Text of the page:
Although it was not specifically addressed by the presenters during the webinar, it is important to think of the pandemic’s impact on clinical trials as well as the development and manufacturing of new clinical products. One respondent to the pre-webinar survey indicated that the manufacture of products had been prioritized over other activities, potentially impacting other non-product-related activities. In addition to this, the COVID-19 pandemic can lead to other unanticipated delays, such as difficulties recruiting clinical trial participants, especially as hospital visits for non-COVID-related maladies have dropped precipitously during the pandemic.
There has been a shift to address the needs of COVID-19, with several companies now prioritizing the development and manufacture of antiviral drugs and vaccines. It is highly likely that this shift to meet the immediate needs of COVID-19 will also lead to a number of follow-on impacts, such as delays and priorities of staff, for existing product development programs within companies.
The key insight that was repeated during the webinar is that SARS-CoV-2 and the COVID-19 pandemic pose a number of risks to the biopharmaceutical manufacturing industry. The virus itself is a potential product and process contaminant; however, the contamination risk is process and product specific. Current evidence indicates that the risk is likely to be low in the case of recombinant proteins manufactured in processes that meet the following requirements:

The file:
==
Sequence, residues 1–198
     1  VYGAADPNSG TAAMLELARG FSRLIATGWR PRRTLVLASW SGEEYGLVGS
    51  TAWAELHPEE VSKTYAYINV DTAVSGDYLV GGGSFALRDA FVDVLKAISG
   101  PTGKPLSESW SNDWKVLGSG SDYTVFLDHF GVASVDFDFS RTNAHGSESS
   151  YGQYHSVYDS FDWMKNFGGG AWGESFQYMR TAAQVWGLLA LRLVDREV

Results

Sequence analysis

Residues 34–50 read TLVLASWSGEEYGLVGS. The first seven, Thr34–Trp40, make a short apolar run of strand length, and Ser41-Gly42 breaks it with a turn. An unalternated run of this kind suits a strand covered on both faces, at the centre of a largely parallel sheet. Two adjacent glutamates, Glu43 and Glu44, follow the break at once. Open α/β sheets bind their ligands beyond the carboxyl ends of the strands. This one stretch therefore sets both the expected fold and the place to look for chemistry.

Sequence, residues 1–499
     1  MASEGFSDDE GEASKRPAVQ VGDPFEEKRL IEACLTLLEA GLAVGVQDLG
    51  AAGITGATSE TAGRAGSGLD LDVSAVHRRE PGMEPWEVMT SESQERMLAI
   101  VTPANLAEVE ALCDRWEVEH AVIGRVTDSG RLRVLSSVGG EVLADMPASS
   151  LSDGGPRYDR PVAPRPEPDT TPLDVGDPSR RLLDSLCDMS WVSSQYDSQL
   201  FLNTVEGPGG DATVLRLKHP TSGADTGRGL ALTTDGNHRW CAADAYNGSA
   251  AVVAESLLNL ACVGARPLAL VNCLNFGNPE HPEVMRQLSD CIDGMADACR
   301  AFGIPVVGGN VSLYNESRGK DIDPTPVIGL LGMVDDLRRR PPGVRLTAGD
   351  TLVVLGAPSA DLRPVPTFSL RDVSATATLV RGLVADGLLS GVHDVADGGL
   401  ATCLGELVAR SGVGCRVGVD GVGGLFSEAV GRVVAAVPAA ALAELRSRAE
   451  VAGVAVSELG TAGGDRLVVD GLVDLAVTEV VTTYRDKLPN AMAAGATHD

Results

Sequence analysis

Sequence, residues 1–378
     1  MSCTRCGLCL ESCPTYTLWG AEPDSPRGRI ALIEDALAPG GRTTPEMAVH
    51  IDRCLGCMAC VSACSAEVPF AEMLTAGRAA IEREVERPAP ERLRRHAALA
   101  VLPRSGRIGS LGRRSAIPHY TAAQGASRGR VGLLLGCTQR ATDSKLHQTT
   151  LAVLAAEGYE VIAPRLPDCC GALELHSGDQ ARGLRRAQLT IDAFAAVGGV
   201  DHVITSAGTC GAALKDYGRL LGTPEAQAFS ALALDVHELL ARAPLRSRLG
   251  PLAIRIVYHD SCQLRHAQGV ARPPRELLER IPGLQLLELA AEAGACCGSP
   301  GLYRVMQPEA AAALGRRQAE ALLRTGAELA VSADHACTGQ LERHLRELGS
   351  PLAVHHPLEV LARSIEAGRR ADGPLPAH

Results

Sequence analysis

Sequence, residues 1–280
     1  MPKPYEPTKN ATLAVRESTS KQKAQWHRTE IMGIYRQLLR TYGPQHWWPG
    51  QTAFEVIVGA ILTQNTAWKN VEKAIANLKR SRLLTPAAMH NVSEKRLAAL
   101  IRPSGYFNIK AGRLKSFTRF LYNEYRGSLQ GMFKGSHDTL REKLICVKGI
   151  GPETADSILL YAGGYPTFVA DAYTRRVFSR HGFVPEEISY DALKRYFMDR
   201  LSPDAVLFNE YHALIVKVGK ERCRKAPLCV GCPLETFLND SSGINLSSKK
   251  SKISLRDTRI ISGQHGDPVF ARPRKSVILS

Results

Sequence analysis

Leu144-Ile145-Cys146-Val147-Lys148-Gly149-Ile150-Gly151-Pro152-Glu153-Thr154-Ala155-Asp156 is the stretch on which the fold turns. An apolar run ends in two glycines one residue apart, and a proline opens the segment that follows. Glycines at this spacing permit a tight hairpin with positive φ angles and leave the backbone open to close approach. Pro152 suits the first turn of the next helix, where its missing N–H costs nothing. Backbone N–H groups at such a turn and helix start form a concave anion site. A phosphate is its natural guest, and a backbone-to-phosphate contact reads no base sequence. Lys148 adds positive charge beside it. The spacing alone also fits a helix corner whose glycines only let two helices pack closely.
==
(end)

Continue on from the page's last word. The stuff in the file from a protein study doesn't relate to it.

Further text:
However, the risk is significantly higher for products that do not meet these requirements. For example, autologous cell therapies have a large number of open operations that increase the possibility of introducing the virus from operators, utilize cells that are potentially at higher risk of replicating SARS-CoV-2, and lack downstream viral clearance.
In addition to the risk the virus poses to process and products, consequences from the COVID-19 pandemic itself may have impacts on biopharmaceutical manufacturing operations as a whole including impact to personnel, such as modifications in staffing levels and implementation of procedures to ensure manufacturing personnel health and safety. Disruptions to the raw material supply chain have also occurred. It was reported that upstream raw materials may no longer be available or are being diverted for the manufacture of other important supplies to combat the pandemic. Finally, there have been disruptions in clinical trials and new drug research and development.